At the same time as the prohibited procedures offence was introduced, two new offences relating to prohibited procedures were also introduced into the Act.
These related offences state that:
The legislation provides exemptions for the showing or exhibiting of a dog that has had a prohibited procedure if that dog is from other Australian states and territories or imported and the procedure was legally performed.
If the procedure was carried out on the dog in Australia, a veterinary certificate stating that the procedure was done in accordance with the law of the relevant jurisdiction is required to allow the animal to be shown.
For imported dogs, the importation or supporting documentation needs to show that the procedure was undertaken prior to importation and that it was done legally according to the laws of the jurisdiction in which the procedure was carried out.
Dogs that were born, or have resided in Victoria, and have been to be taken into another state or territory to have a procedure conducted on them to avoid Victoria's legislation will not be permitted to be shown or exhibited. The exemption to this are dogs that have been tail docked, debarked or ear cropped prior to 12 December 2007.
Further information and details of these provisions are detailed in the Frequently Asked Questions section on Prohibited Procedures webpage on the Department of Economic Development, Jobs, Transport and Resources website.
Dogs with natural bob tails do not fall under the provisions of Clause 82 of the new Act. Members of Dogs Victoria that own a registered dog with a veterinary confirmed Natural Bob Tail or those whose tails were shortened prior to the enactment of the legislation can apply for an ID card that can be carried in a wallet or purse so that you have it available at all times when out and about with your dog. The application for this form can be found at Members Forms.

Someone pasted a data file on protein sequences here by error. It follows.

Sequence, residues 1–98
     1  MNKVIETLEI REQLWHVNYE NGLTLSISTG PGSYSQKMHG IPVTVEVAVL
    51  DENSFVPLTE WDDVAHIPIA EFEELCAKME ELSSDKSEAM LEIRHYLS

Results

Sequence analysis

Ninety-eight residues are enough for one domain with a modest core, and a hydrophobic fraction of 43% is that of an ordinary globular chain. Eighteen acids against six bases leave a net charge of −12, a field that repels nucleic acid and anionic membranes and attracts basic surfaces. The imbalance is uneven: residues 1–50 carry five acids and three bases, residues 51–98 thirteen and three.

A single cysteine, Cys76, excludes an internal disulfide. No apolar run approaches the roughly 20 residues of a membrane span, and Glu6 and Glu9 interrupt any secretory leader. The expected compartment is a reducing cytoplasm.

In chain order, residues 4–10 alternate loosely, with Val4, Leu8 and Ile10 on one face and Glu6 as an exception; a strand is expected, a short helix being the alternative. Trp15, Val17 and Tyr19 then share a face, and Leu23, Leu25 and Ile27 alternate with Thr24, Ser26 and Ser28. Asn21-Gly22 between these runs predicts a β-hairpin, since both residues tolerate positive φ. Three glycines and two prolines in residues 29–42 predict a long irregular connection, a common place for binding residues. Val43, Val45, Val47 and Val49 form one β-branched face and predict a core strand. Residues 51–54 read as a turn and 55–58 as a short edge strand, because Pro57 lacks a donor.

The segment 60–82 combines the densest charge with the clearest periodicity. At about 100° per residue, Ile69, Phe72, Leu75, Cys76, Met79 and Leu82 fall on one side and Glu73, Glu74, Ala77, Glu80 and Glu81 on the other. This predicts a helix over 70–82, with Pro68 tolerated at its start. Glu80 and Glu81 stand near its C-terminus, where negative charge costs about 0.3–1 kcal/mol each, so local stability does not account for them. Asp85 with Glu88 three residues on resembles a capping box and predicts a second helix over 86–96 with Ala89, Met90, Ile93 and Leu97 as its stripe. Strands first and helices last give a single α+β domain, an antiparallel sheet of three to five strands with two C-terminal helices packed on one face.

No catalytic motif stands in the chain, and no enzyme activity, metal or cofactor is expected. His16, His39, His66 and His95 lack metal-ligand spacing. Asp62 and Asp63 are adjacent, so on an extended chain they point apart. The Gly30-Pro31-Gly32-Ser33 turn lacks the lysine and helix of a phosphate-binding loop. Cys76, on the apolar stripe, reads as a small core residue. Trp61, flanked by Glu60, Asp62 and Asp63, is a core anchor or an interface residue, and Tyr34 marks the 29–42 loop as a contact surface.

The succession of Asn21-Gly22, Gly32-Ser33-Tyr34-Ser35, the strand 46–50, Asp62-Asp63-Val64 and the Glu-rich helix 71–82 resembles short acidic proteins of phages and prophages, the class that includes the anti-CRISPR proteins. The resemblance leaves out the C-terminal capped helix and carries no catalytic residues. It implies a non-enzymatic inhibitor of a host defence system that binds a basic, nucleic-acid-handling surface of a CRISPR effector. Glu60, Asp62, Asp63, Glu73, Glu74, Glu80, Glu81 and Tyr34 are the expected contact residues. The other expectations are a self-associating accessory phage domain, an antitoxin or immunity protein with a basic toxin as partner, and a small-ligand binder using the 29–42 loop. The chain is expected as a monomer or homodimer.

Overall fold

There are also Regulations and Codes that relate to:
The Department of Economic Development, Jobs, Transport and Resources website also outlines guidelines for:
For more information please contact Dogs Victoria.
Many affiliated breed clubs and Dogs Victoria members are involved in the fostering and rehoming of dogs.
There are codes of practice and guidelines that apply to the fostering and rehoming of dogs which members and breed clubs should be aware of.
The Department of Economic Development, Jobs, Transport and Resources webpage provides a general explanation of the legislation relating to animal rescue. However, is not an exact replica of the legislation and should not be used for legal purposes. Members and breed clubs involved in fostering and rehoming are advised to be familiar with the relevant legislation and regulations relating to animal rescue.
While this page provides information and links in relation to the care, breeding and welfare of dogs, Dogs Victoria members should be aware of other legislation, regulations and guidelines that may be of relevance, such as around:
While Dogs Victoria may be able to provide general guidance on these matters members are advised that they should obtain expert legal advice for specific issues or problems.